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Talk:Listen to a sequence
At the 2012 JMM a number of fans of the OEIS discussed ways to listen to sequences. Ideas and discussion are welcome!
Key and notes
One idea that came out of the discussion was to split off the high bits from the low bits. Right now a base (e.g., 88) is chosen and the least significant digit in that base is taken, giving the note to play. Instead, one could choose a smaller base (e.g., 56) and interpret those as notes in a particular key; the high bits could give the key to play in. This way, if the sequence does not grow too quickly, the key does not change too frequently, leading to (possibly) more melodic sound. Further, this frees up more bits for use in polytonic music, if desired.
Whichever bits are used for notes (the whole number, if a key is not being used, or the number less the key part otherwise) can be interpreted in a suitable base (e.g., 56); all significant digits are played simultaneously. Alternately, a Zeckendorf-like representation could be used, ensuring that consecutive notes are not played (if this is desirable).
The volume could be modified so that not all notes are of equal loudness, to ensure that large terms do not cause a 'muddy' sound; perhaps the k-th least significant digit should be played at 1/k-th the volume of the least significant digit. (I chose this since the harmonic diverges, so truly huge sequences would become loud; a different asthetic might lead to 2^-k or another. Of course this and other features could be customized by the user, but the choice of defaults is important.)
It was suggested that ideally someone with background in music (music theory, etc.) should look this over to give suggestions, since some of the ideas might be misguided.
To turn these ideas into reality, someone must write the program; this presumably requires familiarity with the MIDI spec. I don't know if it's simple or complex.
Charles R Greathouse IV 03:00, 9 January 2012 (UTC)
- I think the only time I have ever used the "listen to a sequence" feature prior to today was either Beethoven's Fifth (A054245) or Für Elise (A123456). I've tried it with both of those now and only for the latter are the results anywhere near worthwhile; since the latter has more consecutive notes of equal duration it does better in this treatment. And this reminds me of the Recaman's sequence video on YouTube (on the Favorites playlist of WSUEngineering). I will have to listen to some more sequences before I can really advise on this.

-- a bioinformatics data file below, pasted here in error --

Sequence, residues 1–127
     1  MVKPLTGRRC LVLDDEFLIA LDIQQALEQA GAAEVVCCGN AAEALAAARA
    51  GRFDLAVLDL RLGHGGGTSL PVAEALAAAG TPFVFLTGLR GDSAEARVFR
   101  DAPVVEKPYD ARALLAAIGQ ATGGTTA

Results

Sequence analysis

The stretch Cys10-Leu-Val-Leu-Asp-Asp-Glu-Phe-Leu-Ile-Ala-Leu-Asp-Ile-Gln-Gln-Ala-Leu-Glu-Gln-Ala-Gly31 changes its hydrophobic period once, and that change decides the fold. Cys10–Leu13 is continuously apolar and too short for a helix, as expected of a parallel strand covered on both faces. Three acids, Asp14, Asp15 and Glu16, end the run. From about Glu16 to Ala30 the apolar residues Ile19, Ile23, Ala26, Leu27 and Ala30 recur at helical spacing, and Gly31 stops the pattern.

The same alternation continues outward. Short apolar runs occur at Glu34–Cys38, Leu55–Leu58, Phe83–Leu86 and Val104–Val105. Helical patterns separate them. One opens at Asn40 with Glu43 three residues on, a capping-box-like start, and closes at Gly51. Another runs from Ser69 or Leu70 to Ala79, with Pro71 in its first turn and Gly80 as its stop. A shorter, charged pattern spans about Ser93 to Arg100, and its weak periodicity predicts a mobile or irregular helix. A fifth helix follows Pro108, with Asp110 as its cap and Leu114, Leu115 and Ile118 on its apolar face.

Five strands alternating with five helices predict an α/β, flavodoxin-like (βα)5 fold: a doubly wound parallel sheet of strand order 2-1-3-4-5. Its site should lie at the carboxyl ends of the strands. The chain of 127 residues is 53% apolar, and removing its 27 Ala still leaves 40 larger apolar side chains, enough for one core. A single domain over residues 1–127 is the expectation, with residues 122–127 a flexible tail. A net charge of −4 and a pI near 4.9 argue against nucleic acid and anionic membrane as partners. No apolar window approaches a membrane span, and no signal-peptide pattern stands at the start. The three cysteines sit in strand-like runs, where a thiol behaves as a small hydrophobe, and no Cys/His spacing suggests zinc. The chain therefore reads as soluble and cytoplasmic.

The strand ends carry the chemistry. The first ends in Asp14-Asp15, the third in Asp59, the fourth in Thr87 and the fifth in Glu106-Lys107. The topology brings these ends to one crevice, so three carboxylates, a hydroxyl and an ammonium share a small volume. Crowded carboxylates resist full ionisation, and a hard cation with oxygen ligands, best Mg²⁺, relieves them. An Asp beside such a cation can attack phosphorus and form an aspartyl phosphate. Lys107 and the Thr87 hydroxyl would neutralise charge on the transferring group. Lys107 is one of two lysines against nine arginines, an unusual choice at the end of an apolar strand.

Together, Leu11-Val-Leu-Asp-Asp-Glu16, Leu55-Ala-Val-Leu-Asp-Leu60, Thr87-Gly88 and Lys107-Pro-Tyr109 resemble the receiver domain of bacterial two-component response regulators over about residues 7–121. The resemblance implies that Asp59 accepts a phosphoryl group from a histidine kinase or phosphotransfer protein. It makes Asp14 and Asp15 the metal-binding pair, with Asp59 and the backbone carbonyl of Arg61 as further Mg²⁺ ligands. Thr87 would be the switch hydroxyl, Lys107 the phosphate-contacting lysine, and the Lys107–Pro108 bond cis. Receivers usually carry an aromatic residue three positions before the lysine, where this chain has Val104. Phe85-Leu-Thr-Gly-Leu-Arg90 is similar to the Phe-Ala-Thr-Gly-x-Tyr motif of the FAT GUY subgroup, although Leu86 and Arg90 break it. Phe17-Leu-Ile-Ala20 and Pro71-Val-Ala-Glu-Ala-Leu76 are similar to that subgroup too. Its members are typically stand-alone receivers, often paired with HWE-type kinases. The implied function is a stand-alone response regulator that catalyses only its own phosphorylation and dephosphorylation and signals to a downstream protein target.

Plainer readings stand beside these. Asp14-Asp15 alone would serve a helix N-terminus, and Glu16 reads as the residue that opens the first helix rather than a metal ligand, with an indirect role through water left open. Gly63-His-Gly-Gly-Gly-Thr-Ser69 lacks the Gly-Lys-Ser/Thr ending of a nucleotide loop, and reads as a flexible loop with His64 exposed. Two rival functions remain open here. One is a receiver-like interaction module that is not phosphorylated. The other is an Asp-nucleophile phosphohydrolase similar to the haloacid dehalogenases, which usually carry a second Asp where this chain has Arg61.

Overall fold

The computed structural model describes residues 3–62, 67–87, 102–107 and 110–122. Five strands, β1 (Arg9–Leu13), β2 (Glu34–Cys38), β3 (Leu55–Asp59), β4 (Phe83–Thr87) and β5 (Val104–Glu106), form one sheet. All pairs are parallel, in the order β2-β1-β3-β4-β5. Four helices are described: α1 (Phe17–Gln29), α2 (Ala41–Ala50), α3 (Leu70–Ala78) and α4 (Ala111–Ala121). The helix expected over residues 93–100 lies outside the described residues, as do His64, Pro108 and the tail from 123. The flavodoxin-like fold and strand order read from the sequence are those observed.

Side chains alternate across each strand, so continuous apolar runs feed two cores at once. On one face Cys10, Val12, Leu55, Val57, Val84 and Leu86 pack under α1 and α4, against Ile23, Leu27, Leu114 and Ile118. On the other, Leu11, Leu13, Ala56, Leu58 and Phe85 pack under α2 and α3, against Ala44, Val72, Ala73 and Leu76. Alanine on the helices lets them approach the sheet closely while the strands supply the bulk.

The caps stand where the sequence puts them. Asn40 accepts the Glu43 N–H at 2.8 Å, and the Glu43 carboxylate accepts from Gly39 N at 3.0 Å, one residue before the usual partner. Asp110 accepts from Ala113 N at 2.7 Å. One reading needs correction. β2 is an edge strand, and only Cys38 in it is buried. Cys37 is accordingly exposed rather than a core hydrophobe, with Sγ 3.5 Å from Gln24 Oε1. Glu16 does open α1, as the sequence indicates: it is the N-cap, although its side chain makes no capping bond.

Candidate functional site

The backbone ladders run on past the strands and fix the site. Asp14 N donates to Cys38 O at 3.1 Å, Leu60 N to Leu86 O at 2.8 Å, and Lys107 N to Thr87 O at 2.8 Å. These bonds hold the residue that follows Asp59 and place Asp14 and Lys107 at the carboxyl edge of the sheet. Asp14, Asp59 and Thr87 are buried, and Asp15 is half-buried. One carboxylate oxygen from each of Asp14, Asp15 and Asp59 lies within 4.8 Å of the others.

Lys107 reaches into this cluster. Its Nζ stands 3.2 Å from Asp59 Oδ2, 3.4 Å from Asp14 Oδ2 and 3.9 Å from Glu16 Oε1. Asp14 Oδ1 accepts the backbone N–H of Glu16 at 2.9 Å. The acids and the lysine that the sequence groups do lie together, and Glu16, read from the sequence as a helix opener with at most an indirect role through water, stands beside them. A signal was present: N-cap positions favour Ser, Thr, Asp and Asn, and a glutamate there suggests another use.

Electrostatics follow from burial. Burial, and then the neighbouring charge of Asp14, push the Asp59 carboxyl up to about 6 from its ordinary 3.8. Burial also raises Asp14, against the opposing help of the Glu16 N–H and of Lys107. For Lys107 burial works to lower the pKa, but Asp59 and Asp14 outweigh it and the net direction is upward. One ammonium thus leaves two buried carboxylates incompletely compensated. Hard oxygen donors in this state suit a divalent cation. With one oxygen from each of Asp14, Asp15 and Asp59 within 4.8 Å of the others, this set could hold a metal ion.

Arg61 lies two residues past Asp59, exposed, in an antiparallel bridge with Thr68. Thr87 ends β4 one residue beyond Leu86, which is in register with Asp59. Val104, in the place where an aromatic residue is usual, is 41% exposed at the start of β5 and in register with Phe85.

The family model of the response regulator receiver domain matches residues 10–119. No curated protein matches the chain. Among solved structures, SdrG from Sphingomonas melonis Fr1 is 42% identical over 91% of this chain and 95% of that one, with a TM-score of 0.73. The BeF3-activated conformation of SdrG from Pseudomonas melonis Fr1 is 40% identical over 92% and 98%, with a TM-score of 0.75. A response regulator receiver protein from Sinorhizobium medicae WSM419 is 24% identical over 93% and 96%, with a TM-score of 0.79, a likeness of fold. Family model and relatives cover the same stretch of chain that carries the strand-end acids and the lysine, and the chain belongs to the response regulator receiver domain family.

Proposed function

- However, for now, I can tell you one thing about the MIDI spec: if you know how to read music and you know how to program devices like printers at the C or assembly level, then the MIDI spec should seem quite simple once you get down to reading it. Alonso del Arte 17:06, 12 January 2012 (UTC)
- Well that's encouraging on the MIDI front at least.
- I await your feedback on the general issue of listening to sequences. Of course there's no hurry.
- Charles R Greathouse IV 01:50, 13 January 2012 (UTC)
Also possibly relevant: http://arxiv.org/abs/1201.2654
Charles R Greathouse IV 05:45, 13 January 2012 (UTC)
- Over the past couple of days, I have taken the opportunity to try out the listen feature on various sequences that have caught my interest for reasons apart from this. A lot of what I've heard sounds like it could have been written by an avant-garde composer of the 20th century. Alonso del Arte 18:36, 14 January 2012 (UTC)
My latest idea is to incorporate a Shepard tone into created music, such that a sequence like A000027 can actually sound like it increases forever. I'm not sure how to properly generalize this so that it works for more than just simple sequences and without muddying tones too much. Charles R Greathouse IV 14:47, 13 July 2012 (UTC)